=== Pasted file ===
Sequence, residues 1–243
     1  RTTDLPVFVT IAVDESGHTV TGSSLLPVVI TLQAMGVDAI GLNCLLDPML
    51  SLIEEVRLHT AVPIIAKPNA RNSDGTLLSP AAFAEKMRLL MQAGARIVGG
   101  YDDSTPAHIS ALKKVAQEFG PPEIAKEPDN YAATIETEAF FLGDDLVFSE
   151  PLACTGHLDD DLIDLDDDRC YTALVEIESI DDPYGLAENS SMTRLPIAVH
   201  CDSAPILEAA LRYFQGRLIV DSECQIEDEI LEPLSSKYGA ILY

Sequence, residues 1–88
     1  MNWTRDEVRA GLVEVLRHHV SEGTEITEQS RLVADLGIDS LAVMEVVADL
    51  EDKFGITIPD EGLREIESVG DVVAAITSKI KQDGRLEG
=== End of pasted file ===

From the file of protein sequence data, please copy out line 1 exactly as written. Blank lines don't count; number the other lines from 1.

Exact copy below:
Sequence, residues 1–243